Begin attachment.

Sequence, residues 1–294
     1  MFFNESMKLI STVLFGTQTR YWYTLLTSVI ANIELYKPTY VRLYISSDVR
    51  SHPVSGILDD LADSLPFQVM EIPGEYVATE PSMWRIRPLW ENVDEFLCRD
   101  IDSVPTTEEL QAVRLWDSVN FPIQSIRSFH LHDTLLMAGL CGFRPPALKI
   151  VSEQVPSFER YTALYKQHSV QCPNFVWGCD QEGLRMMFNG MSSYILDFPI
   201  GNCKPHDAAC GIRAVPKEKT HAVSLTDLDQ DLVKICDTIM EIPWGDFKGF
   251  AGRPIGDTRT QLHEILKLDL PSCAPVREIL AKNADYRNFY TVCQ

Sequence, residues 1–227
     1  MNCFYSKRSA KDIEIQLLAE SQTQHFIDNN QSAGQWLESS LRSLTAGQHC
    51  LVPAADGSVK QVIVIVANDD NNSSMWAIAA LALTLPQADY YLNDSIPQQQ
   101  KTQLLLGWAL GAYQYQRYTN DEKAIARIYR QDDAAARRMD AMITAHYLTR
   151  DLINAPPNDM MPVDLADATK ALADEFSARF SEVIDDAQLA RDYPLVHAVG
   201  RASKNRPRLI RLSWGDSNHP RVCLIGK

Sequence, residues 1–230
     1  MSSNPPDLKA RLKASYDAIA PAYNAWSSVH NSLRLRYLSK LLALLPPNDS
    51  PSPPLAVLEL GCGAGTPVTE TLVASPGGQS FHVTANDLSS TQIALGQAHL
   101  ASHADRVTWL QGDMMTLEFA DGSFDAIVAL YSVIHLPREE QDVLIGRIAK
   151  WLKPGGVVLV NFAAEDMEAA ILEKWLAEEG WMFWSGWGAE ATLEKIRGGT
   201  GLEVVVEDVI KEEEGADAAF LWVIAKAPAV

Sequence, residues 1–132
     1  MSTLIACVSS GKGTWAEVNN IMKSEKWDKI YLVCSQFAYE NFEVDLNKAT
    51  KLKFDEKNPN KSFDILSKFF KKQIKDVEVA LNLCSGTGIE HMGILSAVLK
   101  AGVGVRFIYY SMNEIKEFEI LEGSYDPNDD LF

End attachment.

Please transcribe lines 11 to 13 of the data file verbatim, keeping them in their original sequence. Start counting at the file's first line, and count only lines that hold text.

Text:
   101  KTQLLLGWAL GAYQYQRYTN DEKAIARIYR QDDAAARRMD AMITAHYLTR
   151  DLINAPPNDM MPVDLADATK ALADEFSARF SEVIDDAQLA RDYPLVHAVG
   201  RASKNRPRLI RLSWGDSNHP RVCLIGK